Why are some super funds struggling when funds are pouring into them all the time?
Since the removal of the accountants' exemption and the introduction of the limited Australian Financial Services (AFS) licence, accountants who provide self-managed superannuation fund (SMSF) services have taken a range of steps to adapt to the changes.
Changes to superannuation policies will take effect from July 2018, and the jury is out on whether they will help retirees wanting to downsize.
The growth in self-managed superannuation funds (SMSFs) shows no signs of slowing, and as the number of funds approaches 600,000, regulators have had to prioritise and set criteria to monitor the sector.
Should young Australians put money into superannuation or do they risk investing in a scheme that might not be around by the time they retire?
Last year saw the biggest changes to the superannuation sector in a decade, and navigating the new rules has thrown up new concerns for SMSF trustees.
SMSF trustees are looking forward to a long and happy retirement and there’s a lot their advisers can do to help them find that sweet spot.
Superannuation contributions are regarded as a river of gold into Australia’s finance industry, but is that about to change as fund members retire and draw pensions from their fund?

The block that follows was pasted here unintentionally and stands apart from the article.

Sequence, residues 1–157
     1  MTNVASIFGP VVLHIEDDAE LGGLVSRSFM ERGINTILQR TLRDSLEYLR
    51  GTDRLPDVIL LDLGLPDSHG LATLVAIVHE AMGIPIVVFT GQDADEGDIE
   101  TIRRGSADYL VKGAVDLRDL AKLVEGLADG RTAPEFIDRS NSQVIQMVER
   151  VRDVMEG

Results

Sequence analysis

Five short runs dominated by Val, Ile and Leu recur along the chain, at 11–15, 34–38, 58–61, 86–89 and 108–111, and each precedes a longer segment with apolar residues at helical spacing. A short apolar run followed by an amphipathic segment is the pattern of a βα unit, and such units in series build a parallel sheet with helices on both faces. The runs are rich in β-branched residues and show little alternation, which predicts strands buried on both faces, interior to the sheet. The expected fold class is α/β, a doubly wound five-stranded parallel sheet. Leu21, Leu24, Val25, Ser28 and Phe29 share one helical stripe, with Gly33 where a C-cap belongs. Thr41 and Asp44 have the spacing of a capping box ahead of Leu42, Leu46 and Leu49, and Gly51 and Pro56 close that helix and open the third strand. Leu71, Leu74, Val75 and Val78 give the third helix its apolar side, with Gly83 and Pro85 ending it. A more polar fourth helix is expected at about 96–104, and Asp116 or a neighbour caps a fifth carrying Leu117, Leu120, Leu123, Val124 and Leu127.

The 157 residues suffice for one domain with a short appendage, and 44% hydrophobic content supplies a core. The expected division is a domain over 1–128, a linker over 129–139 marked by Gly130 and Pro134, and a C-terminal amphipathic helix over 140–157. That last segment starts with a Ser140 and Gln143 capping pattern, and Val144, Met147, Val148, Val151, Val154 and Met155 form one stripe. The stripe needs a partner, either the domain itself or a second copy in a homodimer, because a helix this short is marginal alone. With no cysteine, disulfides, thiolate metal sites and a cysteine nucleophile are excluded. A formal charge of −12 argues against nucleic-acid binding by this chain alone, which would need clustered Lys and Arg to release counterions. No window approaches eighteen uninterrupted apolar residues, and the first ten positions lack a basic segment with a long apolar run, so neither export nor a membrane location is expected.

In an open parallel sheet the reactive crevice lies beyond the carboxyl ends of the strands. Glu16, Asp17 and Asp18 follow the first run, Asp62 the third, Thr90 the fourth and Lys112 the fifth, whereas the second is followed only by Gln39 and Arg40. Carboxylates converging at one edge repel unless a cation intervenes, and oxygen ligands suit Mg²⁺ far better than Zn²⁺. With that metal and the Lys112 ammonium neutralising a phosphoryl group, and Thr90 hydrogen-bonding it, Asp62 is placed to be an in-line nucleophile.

Accountants referring clients to robo-advice tools need to be wary of licensing constraints.
The 1 July changes to Australia’s superannuation laws will transform super from being a safe harbour for accumulated wealth to a more limited retirement savings fund for the masses – and its critics say many more people will feel a negative impact than the government claims.
The deadline for major superannuation reforms is just around the corner, raising serious concern among many accountants and their clients.
The billions of dollars pouring into superannuation savings are irresistible to investment scammers, but accountants are putting a stop to their dubious schemes.
Investors should be conscious of rule changes that may affect property investments made through their self-managed superannuation funds.
The ATO is increasing its focus on SMSF auditors who fail to meet key independence requirements.
After a long transition period, Regulation 7.1.29A, the accountants’ exemption for giving SMSF advice, has finally been repealed.
Self-managed superannuation fund trustees and their advisors need to be alert to the latest round of wealth-stripping fraudulent schemes.
They started as a side issue, but self-managed superannuation funds have now become one of the biggest elements in Australia’s retirement system – and they are poised for further growth.
Superannuation was a major focus in this year’s budget. An overview of the key changes is summarised below.
From the beginning of the new financial year, accountants will have to be licensed to deliver SMSF advice to clients.
A new study gives governments a report card on how well they prepare people for life after work. The big news: almost every country needs to do more homework.